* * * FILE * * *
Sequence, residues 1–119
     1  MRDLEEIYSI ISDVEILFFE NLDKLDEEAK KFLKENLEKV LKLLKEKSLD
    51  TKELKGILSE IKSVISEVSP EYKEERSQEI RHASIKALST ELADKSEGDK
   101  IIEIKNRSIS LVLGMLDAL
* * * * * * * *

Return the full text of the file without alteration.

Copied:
Sequence, residues 1–119
     1  MRDLEEIYSI ISDVEILFFE NLDKLDEEAK KFLKENLEKV LKLLKEKSLD
    51  TKELKGILSE IKSVISEVSP EYKEERSQEI RHASIKALST ELADKSEGDK
   101  IIEIKNRSIS LVLGMLDAL